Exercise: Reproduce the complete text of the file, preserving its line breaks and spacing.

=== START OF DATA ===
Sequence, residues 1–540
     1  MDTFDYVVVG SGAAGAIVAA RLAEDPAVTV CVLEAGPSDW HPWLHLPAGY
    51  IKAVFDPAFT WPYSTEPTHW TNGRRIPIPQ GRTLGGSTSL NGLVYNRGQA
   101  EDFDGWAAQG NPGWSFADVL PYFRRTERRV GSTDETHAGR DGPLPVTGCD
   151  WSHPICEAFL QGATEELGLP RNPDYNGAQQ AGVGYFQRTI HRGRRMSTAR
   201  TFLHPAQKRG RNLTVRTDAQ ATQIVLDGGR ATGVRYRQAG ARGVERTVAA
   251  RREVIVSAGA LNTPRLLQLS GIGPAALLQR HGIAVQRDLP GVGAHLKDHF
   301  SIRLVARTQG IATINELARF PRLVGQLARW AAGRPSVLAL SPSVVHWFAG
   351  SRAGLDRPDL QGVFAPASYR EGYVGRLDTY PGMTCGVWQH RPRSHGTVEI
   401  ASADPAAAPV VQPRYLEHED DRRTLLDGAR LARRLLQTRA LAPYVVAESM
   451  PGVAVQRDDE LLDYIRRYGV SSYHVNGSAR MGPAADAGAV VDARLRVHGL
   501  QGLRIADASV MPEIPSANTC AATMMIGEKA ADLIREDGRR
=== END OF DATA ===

Sequence, residues 1–540
     1  MDTFDYVVVG SGAAGAIVAA RLAEDPAVTV CVLEAGPSDW HPWLHLPAGY
    51  IKAVFDPAFT WPYSTEPTHW TNGRRIPIPQ GRTLGGSTSL NGLVYNRGQA
   101  EDFDGWAAQG NPGWSFADVL PYFRRTERRV GSTDETHAGR DGPLPVTGCD
   151  WSHPICEAFL QGATEELGLP RNPDYNGAQQ AGVGYFQRTI HRGRRMSTAR
   201  TFLHPAQKRG RNLTVRTDAQ ATQIVLDGGR ATGVRYRQAG ARGVERTVAA
   251  RREVIVSAGA LNTPRLLQLS GIGPAALLQR HGIAVQRDLP GVGAHLKDHF
   301  SIRLVARTQG IATINELARF PRLVGQLARW AAGRPSVLAL SPSVVHWFAG
   351  SRAGLDRPDL QGVFAPASYR EGYVGRLDTY PGMTCGVWQH RPRSHGTVEI
   401  ASADPAAAPV VQPRYLEHED DRRTLLDGAR LARRLLQTRA LAPYVVAESM
   451  PGVAVQRDDE LLDYIRRYGV SSYHVNGSAR MGPAADAGAV VDARLRVHGL
   501  QGLRIADASV MPEIPSANTC AATMMIGEKA ADLIREDGRR